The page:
MPs asked to enact competition law to cap interest rates
The current interest rates on average are at 26%.He explained that if the MPs push for the new law commercial banks can' ...
PIC: A senior economist Fred Muhumuza (right) talks to Hoima MP Lawrence Bategeka during a breakfast meeting on interest rates in Kampala. Photo by Francis Emorut
A senior economist, Fred Muhumuza, has called upon the Members of Parliament to enact a competition and policy law in order to cap the interest rates."Setting up competition law and policy should be done as soon as possible to address interest rates problem," Muhumuza told the lawmakers.
The current interest rates on average are at 26%.He explained that if the MPs push for the new law commercial banks can't sell the property of a borrower or close a business of an individual because he/she is protected by the law and with the law in place the banks will be tamed.
Muhumuza who is also a senior lecturer at the School of Economics Makerere University was speaking during the breakfast meeting on interest rates and conflicts in the Public Finance Management Act (PFMA) with Local Government operations
The breakfast meeting was organized by Civil Society Budget Advocacy Group. Presenting a paper titled Pressure behind Uganda interest rates the economist advised the lawmakers either to move a private members bill or wait for the government to table it which has taken 10 years.
He outlined the drivers behind interest rates in the country among them cost of fund, tax expenses, profits, competition, inflation, consumer literacy, management competence, credit rating of client and contingency reserve.
He told the MPs that government is the main culprit of fueling high interest rates which are on average at 26% because it started borrowing since 2013 to the tune of UGX2.3 trillion as of July 2016.
"That means the money is not in the system. We are competing with government," he said.
The chairman of Parliamentary on Local Government Committee Raphael Magezi agreed with the economist saying that MPs need to be mobilized and support the cause of capping the interest rates.
"As long as I remain a Member of Parliament I will always protect the ordinary person from exploitation," Magezi said.The lawmaker pledged to engage the MPs and bring them on board to agitate for the competition law and policy.
Oyam Woman MP Santa Alum pointed out that Ugandans have been exploited as there is a lot of inequality in lending rates and appealed to fellow MPs to rise above the occasion."We have the power to make laws so let's start debating about the capping of interest rates," Alum said.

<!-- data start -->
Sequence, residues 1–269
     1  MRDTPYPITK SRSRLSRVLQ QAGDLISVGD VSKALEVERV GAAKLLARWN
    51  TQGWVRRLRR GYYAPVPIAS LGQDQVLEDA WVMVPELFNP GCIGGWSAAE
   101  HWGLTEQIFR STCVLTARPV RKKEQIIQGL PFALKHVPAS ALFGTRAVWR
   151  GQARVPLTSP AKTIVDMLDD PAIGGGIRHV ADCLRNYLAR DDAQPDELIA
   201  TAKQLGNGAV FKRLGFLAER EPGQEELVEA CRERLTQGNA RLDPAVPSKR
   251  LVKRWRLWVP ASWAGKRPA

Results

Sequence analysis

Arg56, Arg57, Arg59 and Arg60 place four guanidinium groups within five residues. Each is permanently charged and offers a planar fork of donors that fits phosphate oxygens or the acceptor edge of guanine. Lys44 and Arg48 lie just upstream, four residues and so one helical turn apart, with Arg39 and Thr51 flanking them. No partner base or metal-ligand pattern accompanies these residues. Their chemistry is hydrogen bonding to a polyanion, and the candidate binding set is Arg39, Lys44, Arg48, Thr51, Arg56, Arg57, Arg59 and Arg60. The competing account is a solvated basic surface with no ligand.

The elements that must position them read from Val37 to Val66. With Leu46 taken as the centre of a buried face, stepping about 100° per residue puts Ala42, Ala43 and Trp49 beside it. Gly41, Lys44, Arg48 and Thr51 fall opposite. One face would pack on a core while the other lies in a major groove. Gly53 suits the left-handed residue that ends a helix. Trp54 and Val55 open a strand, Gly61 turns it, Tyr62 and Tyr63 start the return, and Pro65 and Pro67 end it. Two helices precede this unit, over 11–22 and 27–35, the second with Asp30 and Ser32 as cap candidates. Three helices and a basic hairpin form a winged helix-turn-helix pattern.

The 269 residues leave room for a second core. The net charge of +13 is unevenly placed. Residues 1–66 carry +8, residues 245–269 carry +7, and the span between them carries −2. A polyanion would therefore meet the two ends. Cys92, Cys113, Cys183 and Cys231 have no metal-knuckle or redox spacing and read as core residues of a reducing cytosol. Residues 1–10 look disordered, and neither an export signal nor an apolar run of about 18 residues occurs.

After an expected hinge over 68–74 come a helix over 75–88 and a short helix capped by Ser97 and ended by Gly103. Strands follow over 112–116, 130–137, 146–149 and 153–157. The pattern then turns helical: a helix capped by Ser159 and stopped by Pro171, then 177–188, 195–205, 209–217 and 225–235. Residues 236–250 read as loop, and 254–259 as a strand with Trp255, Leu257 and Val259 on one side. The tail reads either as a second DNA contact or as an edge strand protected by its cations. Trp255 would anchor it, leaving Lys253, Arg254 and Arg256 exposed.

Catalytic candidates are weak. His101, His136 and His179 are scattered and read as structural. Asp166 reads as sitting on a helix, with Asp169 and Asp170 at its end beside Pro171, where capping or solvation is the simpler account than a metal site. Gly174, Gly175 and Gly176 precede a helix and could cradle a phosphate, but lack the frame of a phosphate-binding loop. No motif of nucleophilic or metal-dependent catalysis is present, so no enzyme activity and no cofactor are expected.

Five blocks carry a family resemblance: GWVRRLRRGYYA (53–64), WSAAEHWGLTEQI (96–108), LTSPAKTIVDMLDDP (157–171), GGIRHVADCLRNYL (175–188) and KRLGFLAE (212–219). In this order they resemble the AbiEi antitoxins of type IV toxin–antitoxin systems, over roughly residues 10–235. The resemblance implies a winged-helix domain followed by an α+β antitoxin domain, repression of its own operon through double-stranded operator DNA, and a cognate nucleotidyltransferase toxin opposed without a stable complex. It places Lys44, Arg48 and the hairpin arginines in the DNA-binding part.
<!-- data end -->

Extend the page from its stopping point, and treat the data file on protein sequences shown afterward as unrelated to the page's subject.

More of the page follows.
Workers MP Margaret Rwabushaija asked fellow lawmakers to build a consensus by holding a workshop on interest rates so as to be enlightened by experts before starting the debate.
Rukungiri MP Ronald Kaginda mooted the idea of having a forum where customers can discuss issues affecting them due to high interest rates so as to engage the bankers since there is Uganda Bankers Association.
Kyegegwa woman MP Stella Kiiza observed that the debate about interest rates is an ice breaker."Money sharks control the economy. It is a big elephant which MPs should devise strategies of addressing it," Kiiza said.
She called for the engagement of banking sector and Uganda Bankers Association. Hoima MP Lawrence Bategeka noted that the cost of monetary policy has been left to Bank of Uganda and this needs to be checked.
"We have not capped Bank of Uganda borrowing from banking system, that must be done," Bategeka said. Agago Woman MP Franka Akello noted that the borrowers are suffocating with the burden of interest rates and called upon legislators to kick start the debate.
David Walakira a policy budget analyst told the legislators the importance of capping interest rates as increase on disposable and discretionary income, encourages financial inclusion, and the financial markets will be stabilized since the earnings from investment in the banking industry will be predictable among others.Carol Namagembe programme associate appealed to MPs to expedite the enacting of competition law for the benefit of the people.